How Greece fell into the Debt Trap:
Greeks are some of the world's richest people. The National Bank of Greece, Eurobank, Alphabank and Piraeus bank, have 164 billion Euros in deposits alone. The estimated loans taken from the foreigners are about 216 Billion Euros. Greece has extremely low household debt / GDP ratio; low corporate debt/ GDP ratio; low bank debt/ GDP ratio; a manageable total debt / GDP ratio, but a very poor Government debt / GDP ratio, above 100% of GDP.
In 1980, when Greece has joined the European Union, Government Debt/GDP ratio was 30% and it would have been much lower were it not for the high costs of defense. When Greece joined the EU in 1980, it became a party time. A small oligarchy then was the only source of capital and had the acumen, education and experience to deploy it as the country developed. Old families controlled the steel, cement, foodstuffs and construction companies that rebuilt Greece after the war.
Money that was sent from the European Commission to build the Greek infrastructure, about 6% of Greek GDP for the last 30 years, was funneled directly into the pockets of the oligarchy due to high level of corruption in Greece. Most part of that money could be used in socially desirable projects, but instead the bulk ended up in the pockets of the twenty families who run Greek business and own all the banks. Low rate of interest from the European banks, have allowed the Government of Greece to be borrow more and more but the people on the street never saw the benefit of the 300 billion the government has borrowed. Even then, Greece should not have any difficulty given the deposits and assets of the Greek banks.
Greece then fell into the trap of debt due mainly to a financial derivative called Credit-Default Swap. The contract, known as credit-default swaps, means if a company or, in this case Greece, an entire country, fails to pay its debts, Banks and financial institutions who own these swaps stand to profit. It’s like buying fire insurance on your neighbour’s house — you will be motivated to burn down the house of your neighbour so that you can receive a huge insurance payment subsequently. Similar conditions were created for Greece by a number of Banks, some of which are Greek. Greece was encouraged to borrow heavily by these banks to finance its budget deficit. At the same time, Goldman Sachs, JP Morgan Chase and about a dozen other banks had created an index that enabled market players to bet on whether Greece and other European nations would go bust.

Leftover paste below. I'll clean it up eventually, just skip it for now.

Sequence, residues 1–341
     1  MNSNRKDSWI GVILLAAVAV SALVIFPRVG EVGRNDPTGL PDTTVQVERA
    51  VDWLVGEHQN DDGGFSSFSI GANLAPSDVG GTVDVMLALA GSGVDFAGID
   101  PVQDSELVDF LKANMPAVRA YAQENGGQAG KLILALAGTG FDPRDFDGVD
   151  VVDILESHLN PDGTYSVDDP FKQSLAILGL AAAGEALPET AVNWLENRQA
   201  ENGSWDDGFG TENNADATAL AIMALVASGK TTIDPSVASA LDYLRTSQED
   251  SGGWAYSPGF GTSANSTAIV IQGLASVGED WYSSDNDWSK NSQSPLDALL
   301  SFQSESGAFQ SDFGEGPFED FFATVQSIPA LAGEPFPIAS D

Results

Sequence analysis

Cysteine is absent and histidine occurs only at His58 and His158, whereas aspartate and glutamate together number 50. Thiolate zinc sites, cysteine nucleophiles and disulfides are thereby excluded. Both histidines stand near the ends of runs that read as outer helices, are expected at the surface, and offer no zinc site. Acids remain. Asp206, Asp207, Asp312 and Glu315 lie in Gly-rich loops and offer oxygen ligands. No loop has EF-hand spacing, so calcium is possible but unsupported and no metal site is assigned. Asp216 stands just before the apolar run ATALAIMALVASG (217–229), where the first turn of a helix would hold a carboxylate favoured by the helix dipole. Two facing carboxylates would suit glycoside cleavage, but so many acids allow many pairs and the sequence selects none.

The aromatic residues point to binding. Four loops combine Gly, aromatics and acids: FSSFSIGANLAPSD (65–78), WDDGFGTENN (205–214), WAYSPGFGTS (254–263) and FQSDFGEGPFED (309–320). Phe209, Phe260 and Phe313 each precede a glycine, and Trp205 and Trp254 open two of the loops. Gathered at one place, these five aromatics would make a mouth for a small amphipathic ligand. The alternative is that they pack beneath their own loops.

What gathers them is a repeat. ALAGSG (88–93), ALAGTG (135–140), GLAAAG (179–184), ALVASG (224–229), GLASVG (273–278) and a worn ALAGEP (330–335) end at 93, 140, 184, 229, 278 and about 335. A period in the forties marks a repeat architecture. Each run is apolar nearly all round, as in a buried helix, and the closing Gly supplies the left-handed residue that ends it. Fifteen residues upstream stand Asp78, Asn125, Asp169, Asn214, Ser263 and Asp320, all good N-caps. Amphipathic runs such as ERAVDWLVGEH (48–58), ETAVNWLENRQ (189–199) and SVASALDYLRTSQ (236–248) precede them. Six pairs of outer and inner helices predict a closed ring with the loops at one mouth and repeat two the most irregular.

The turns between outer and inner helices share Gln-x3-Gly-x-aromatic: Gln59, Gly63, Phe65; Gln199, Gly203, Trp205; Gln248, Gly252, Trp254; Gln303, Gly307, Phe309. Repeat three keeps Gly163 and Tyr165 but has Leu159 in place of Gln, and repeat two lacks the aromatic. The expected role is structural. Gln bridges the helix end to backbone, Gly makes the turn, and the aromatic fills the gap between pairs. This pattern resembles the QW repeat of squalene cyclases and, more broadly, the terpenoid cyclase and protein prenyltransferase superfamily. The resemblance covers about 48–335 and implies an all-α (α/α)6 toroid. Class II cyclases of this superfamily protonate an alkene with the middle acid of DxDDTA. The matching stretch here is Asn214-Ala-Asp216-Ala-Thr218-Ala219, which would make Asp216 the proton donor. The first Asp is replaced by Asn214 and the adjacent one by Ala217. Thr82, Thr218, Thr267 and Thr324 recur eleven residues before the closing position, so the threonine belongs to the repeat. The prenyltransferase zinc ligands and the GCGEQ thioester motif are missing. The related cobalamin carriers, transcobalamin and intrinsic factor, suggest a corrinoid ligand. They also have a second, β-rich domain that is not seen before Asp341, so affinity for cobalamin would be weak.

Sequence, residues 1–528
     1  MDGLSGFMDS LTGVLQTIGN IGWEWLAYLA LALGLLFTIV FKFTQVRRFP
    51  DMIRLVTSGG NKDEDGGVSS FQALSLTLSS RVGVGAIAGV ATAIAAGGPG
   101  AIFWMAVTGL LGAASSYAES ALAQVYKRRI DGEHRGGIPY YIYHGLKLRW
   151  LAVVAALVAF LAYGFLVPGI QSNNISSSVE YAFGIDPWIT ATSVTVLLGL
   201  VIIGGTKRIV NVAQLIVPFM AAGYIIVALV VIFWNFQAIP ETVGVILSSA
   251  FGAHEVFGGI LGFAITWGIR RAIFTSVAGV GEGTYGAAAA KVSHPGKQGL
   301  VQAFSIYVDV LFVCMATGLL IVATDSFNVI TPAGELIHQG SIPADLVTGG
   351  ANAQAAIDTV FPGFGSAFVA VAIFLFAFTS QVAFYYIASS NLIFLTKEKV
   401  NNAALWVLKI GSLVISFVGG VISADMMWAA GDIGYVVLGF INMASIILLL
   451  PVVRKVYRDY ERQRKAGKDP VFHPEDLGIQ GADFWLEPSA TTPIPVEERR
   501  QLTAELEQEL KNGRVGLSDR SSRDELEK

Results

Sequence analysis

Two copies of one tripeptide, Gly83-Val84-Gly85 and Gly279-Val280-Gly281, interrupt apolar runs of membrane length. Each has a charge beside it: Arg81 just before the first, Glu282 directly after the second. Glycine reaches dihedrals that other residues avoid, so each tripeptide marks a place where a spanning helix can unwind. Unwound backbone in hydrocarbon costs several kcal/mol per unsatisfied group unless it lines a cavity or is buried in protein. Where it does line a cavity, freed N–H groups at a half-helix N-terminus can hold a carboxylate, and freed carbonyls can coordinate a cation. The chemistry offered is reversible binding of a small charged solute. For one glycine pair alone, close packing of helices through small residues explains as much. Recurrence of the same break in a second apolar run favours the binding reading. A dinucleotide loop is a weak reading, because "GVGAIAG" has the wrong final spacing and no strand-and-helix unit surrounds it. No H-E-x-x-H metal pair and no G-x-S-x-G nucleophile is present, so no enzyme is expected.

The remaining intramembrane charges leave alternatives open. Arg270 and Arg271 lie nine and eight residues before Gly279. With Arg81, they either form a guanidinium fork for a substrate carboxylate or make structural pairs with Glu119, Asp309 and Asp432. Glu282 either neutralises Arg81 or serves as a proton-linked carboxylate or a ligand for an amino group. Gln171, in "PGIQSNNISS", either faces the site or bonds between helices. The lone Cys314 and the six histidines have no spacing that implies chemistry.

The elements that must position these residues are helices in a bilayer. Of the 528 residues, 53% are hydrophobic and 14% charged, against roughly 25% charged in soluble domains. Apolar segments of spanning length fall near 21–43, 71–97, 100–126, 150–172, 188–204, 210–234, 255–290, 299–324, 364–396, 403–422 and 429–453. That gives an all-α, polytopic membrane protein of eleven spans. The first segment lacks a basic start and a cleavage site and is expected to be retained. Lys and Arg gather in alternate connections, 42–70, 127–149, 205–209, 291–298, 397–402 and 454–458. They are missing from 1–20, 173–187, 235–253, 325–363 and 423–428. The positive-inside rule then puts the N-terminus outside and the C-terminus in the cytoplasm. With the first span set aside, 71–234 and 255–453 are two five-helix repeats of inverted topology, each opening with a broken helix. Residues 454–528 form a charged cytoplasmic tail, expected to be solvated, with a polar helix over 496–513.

As banks and others rush into these swaps, the cost of insuring Greece’s debt rises. Alarmed by that signal, bond investors then started rejecting Greek bonds, making it harder for the Greece to borrow. That, in turn, adds to the anxiety that Greece cannot repay its existing debts by borrowing more. Anxiety now covers other troubled economies like Ireland, the Baltic States of the former Soviet Union, Portugal and Spain.